The actual and promised capabilities of biotechnology have given prominence to a possible new end of medicine, "enhancement." Almost every present-day commentator underscores the difficulties, impossibility, or futility of any definition that seeks to distinguish enhancement from therapy.1 Nonetheless, everyone eventually ends up using the term since no viable substitute has yet appeared. In short, no boundary between morally valid and invalid uses of biotechnology can be established without at least a working definition.
We have by now become accustomed to having national bodies appointed to examine public policy questions raised by our increasing biotechnological powers, and we have become equally accustomed to reading reports issued by such bodies. But what would we say about a report that is more than 300 pages long, that is in large part an extended philosophical discussion, and that offers no policy recommendations whatsoever?
If the nineteenth century was the age of the machine and the twentieth century the information age, this century is, by most accounts, the age of biotechnology. In this biotech century we may witness the invention of cures for genetically linked diseases, including Alzheimer's, cancer, and a host of maladies that cause tremendous human suffering. We may see amazing developments in food production with genetically modified foods that actually carry therapeutic drugs inside them. Bioterrorism and high-tech weaponry may also be in our future.
Traducido por: Alejandro Field
Though the controversies surrounding human cloning and stem cell research have recently captured the public's attention, the less well-known technologies of cybernetics and nanotechnology are equally worthy of focus in that they have the potential to transform the way we think about human beings. Unfortunately, our conceptions of cybernetics have largely been formed by Hollywood and have thus been dismissed as mere science fiction, while most of us have heard little to nothing about nanotechnology.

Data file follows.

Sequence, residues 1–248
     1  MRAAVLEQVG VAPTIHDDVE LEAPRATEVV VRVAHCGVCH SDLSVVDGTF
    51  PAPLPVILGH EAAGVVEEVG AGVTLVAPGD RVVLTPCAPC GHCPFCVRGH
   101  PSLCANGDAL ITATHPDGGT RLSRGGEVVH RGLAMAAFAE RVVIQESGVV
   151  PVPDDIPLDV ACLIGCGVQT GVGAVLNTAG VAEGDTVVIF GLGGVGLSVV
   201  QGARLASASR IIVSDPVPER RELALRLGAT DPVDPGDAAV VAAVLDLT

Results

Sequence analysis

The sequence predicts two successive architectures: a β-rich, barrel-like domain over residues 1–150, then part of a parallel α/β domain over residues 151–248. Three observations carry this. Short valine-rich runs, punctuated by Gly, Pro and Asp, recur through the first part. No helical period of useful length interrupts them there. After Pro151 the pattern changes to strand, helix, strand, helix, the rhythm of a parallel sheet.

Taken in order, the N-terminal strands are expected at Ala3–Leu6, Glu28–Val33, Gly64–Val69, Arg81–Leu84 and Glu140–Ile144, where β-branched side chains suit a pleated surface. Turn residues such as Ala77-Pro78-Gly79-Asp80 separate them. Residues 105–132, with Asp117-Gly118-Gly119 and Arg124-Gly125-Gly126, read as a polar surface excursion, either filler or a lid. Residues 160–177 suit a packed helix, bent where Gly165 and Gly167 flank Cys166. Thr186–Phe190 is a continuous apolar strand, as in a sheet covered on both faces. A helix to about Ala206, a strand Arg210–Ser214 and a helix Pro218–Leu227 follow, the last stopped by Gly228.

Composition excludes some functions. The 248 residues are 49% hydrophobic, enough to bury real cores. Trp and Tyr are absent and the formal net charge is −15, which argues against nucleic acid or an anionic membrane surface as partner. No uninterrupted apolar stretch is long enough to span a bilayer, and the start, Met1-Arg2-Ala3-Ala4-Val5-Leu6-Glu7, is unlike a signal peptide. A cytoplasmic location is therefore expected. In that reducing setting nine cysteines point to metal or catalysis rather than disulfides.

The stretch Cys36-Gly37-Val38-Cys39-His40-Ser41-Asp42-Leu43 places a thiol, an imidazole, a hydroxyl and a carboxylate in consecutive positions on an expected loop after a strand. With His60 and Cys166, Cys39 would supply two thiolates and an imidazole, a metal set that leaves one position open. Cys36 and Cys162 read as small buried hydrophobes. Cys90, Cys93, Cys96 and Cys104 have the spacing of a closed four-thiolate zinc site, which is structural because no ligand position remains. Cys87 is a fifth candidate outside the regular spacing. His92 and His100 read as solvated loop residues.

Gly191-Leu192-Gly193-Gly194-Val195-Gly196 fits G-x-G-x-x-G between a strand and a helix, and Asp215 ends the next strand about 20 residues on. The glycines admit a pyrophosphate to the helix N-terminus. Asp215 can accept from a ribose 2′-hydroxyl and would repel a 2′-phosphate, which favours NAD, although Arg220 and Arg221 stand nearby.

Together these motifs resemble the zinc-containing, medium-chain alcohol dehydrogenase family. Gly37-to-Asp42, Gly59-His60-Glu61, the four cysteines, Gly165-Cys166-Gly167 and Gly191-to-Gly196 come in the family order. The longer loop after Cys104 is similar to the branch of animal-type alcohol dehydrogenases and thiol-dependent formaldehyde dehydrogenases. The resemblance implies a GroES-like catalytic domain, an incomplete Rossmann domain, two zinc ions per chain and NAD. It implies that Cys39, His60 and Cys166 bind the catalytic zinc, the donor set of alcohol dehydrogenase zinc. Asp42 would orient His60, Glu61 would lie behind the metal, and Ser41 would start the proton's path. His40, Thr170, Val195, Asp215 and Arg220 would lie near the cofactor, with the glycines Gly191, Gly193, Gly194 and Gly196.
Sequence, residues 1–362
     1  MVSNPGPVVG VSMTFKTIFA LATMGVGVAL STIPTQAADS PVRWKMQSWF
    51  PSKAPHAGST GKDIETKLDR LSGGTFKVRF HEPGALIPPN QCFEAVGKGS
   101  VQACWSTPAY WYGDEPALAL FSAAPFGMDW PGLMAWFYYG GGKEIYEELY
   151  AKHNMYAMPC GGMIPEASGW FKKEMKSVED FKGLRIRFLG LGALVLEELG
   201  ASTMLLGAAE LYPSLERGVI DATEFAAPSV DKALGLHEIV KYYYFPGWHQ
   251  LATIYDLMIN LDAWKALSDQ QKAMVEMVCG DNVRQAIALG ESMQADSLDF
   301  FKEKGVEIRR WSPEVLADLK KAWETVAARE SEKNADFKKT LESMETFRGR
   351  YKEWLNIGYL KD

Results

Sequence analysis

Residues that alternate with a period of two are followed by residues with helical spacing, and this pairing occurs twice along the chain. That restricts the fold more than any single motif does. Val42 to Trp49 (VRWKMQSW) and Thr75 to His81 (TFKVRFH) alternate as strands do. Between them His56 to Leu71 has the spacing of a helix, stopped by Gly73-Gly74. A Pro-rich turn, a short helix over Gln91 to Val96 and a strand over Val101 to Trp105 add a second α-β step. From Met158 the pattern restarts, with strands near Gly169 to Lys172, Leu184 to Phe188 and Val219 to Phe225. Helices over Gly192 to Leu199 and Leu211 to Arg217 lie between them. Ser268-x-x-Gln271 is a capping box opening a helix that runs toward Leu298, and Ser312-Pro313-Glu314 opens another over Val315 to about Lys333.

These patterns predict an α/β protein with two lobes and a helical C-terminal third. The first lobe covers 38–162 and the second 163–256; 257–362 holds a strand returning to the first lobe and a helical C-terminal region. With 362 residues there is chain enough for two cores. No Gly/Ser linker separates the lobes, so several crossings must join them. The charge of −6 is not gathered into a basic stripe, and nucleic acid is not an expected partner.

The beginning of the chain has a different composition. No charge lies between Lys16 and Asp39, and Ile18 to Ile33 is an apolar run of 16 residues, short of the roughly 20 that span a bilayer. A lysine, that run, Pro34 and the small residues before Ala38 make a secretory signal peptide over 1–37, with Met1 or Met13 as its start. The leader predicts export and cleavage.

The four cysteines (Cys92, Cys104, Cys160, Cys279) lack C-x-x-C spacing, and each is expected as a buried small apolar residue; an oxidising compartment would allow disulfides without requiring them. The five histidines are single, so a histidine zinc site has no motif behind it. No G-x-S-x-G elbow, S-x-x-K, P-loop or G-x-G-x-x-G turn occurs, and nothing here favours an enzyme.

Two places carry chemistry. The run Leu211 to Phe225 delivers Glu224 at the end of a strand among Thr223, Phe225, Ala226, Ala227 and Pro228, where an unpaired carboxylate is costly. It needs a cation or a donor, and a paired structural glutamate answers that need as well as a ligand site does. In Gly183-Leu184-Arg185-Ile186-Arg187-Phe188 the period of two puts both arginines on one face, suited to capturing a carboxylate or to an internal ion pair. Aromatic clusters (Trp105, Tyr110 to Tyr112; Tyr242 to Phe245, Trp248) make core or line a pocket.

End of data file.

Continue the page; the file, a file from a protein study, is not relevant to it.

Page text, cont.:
Editor's note: The following commentary is based on articles originally appearing in The Seattle Times, the BBC, and The Times. These articles were posted on the Center's web site on October 17, 2002 under the news heading "New Technique Lets Parents Pick Baby's Gender."
The recent movie Spider-Man has exceeded all expectations, both from a business standpoint and as an entertaining "comic book movie" filled with lots of action, enjoyable humor, and romance. Although not intended to be a profound movie, Spider-Man raises some interesting issues relevant to bioethics-namely, genetic enhancement and the unrestricted pursuit of scientific advancement.
Scurrying past the partitions of the traditional laboratory maze, a wired rat's winding steps last month represented for behavioral neuroscience a quantum leap and for bioethics a venture into brave new territory.
"Whatever in connection with my professional practice or not in connection with it I may see or hear in the lives of my patients which ought not to be spoken abroad, I will not divulge, reckoning that all such should be kept secret."